Monthly Archives: June 2014

What are your duties as an executor of a will?

You have been named the executor of someone’s will: now what? You probably have a lot of questions about what you are expected to do and what steps you need to take to get the process started. 

Being the executor of a loved one’s will can be a difficult process, especially since you are still grieving the loss of your loved one. However, the executor is expected to take care of the person’s estate and your duties will start fairly soon after your loved one’s passing.

What exactly is the executor expected to do? The executor of a will has several duties to complete. The executor should become familiar with the person’s will so he or she knows who the listed beneficiaries are and what they will be receiving. 

Some of the main duties the executor will complete include: 

  • Gathering the deceased’s assets
  • Paying any bills
  • Filing any tax returns
  • Distributing assets to beneficiaries

The executor should become familiar with the will so the estate is settled according to the will’s terms. It is the executor’s responsibility to make sure the terms of the will are executed according to their loved one’s wishes. 

Being named the executor of another person’s will can be difficult. There are many decisions and procedures to follow to make sure the will is managed properly. In California, there are specific laws regarding the probate process and how the terms of the will should be managed. 

Executing the will or other estate planning documents can be a complicated process. It may be beneficial to work with an attorney to discuss any legal issues you should be aware of and to make sure the will is being executed according to the estate’s terms. 

Source: The American Bar Association, “Guidelines for Individual Executors & Trustees,” Accessed June 18, 2014

What is an advance health care directive and do you need one?

Estate planning can include many different documents that will make your wishes known. While many of us have wills in our estate plans, many of us overlook the importance of having an advance health care directive. What exactly is this document and why should you have one?

An advance health care directive, also known as a living will, lets your loved ones and doctor know your wishes for medical treatments. This document can include information on what type of medical care you would like to receive at the end of your life as well as if there are any medical treatments you do not wish to have. This document is vital because you may not be able to let others know your wishes when you become ill.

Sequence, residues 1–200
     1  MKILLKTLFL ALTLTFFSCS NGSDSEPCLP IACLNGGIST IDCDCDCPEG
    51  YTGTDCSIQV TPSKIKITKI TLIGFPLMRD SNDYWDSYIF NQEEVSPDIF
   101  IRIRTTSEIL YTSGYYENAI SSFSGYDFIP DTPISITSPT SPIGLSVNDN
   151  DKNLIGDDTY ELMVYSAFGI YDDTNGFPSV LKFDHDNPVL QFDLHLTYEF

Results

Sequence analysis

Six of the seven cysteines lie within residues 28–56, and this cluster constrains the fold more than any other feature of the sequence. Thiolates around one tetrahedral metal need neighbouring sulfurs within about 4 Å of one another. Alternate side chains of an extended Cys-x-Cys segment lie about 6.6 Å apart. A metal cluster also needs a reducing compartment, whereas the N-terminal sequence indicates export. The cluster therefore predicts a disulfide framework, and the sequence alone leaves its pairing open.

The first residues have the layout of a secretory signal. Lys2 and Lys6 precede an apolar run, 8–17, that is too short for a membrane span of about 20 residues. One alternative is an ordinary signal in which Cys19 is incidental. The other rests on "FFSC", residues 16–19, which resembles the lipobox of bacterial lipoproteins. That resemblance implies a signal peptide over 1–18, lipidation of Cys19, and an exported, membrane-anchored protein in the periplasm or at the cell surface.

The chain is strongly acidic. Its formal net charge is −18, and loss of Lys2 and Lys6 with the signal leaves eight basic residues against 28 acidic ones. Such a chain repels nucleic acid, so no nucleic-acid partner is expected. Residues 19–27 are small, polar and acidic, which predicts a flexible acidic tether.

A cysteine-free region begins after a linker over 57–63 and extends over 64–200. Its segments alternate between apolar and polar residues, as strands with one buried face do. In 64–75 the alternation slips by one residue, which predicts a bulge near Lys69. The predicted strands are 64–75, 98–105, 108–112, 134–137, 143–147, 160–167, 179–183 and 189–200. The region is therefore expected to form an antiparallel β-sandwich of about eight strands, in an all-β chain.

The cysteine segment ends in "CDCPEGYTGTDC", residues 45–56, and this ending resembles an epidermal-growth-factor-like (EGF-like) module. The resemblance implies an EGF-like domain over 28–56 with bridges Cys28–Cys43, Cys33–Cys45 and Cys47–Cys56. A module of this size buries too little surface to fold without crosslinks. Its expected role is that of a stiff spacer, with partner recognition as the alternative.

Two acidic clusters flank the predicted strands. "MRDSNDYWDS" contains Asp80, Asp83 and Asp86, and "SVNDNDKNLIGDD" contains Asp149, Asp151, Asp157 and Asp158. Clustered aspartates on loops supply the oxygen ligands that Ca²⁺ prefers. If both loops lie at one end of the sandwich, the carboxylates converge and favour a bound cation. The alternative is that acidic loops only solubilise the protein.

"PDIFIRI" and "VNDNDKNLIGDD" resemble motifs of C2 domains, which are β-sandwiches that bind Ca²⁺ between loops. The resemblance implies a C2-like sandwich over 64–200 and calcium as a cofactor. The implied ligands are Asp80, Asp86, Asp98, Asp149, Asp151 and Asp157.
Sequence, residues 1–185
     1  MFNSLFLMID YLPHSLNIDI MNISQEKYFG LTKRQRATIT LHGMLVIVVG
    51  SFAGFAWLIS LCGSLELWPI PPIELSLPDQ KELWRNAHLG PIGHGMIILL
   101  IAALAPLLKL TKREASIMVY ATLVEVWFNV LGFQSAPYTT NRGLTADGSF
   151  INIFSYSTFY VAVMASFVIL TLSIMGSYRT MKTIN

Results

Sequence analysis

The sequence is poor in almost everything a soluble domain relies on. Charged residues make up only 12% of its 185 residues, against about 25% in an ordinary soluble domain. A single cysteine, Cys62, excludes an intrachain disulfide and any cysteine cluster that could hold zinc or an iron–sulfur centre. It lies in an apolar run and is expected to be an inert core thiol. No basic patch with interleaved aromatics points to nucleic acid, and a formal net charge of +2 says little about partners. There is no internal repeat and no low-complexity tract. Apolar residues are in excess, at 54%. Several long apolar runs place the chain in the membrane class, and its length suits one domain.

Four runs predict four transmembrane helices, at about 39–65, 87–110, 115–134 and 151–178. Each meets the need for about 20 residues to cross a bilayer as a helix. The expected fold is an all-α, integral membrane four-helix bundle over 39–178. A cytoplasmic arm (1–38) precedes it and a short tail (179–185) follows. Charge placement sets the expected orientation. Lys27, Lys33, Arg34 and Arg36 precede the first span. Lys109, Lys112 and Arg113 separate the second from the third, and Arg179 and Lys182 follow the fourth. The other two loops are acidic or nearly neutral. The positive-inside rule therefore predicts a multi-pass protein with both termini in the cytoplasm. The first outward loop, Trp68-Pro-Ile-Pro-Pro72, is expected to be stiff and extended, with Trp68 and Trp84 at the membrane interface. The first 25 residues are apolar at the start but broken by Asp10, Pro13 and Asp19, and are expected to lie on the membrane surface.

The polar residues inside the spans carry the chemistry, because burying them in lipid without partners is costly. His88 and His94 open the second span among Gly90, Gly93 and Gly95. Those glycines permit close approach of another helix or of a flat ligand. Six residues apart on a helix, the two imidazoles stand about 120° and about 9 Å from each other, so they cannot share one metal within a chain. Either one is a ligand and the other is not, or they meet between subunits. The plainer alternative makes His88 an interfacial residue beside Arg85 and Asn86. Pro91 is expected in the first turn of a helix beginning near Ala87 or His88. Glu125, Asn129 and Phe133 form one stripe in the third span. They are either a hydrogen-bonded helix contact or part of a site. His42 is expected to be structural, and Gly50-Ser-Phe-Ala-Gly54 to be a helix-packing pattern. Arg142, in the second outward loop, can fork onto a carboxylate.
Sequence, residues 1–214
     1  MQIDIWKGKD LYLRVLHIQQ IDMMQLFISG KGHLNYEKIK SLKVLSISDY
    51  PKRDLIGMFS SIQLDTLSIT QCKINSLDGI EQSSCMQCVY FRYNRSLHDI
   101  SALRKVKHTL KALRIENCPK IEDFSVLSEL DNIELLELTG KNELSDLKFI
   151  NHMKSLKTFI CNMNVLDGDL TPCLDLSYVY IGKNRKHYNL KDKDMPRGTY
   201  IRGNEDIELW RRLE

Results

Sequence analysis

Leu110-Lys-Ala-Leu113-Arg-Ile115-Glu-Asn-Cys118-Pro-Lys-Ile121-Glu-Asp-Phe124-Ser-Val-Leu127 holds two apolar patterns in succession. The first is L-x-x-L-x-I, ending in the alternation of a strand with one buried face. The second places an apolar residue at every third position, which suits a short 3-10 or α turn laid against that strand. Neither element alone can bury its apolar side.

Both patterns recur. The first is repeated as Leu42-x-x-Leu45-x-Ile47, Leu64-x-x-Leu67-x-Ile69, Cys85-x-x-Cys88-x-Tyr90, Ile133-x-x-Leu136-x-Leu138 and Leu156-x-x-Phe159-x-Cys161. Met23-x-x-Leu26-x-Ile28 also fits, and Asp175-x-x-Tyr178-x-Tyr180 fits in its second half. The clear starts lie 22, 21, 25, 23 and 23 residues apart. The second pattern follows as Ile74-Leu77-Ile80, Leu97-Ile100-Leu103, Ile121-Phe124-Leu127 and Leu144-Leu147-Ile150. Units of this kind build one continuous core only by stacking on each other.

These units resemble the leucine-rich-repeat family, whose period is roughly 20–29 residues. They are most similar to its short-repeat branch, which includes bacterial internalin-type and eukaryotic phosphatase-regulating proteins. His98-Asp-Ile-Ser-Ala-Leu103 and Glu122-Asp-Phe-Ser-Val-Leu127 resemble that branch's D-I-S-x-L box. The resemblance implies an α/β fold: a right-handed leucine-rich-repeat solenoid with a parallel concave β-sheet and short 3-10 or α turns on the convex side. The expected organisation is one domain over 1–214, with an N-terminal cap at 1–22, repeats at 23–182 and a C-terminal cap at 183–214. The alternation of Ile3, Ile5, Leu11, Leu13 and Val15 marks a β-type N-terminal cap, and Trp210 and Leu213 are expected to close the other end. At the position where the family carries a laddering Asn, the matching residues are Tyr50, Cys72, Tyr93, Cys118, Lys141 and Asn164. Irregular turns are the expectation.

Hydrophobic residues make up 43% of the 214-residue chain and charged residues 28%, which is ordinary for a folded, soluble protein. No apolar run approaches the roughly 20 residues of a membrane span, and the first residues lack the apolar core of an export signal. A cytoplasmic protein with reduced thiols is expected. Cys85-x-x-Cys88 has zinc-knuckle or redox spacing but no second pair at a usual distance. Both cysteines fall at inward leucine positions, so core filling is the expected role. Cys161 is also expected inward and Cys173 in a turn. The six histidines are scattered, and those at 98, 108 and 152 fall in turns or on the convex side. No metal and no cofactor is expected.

Even if you have discussed your wishes for medical treatments with your doctor or family, having an advance health care directive is a legal document that will make sure your wishes are honored. This document can address what care you want to receive if you are diagnosed with a terminal illness or whenever you receive medical care and something happens where you cannot voice your wishes. 

Many advance health care directives include whether or not you want your organs donated, if you will receive cardiopulmonary resuscitation, what surgical procedures you do or do not want as well as what diagnostic tests to perform and what type of life-sustaining medical care you want and for how long. This can include the use of a ventilator to help you breathe along with other life saving medical procedures.

Your advance health care directive should address if there are any medical treatments you absolutely don’t want along with any other important information your family, loved ones and medical professionals should know. The document can also state if you wish to stay in a hospital, nursing home or at home during this time. 

After creating your advance health care directive, you should be sure to discuss your wishes with your loved ones. You should also give your doctor and other health care providers a copy of the document. This will make sure everyone knows your wishes and there are no surprises. 

End-of-life planning can be very emotional and difficult. However, making these decisions now will make life much easier in the future. 

Source: State of California Department of Justice Office of the Attorney General, “Advance Health Care Directive: What’s Important to You,” Accessed June 2, 2014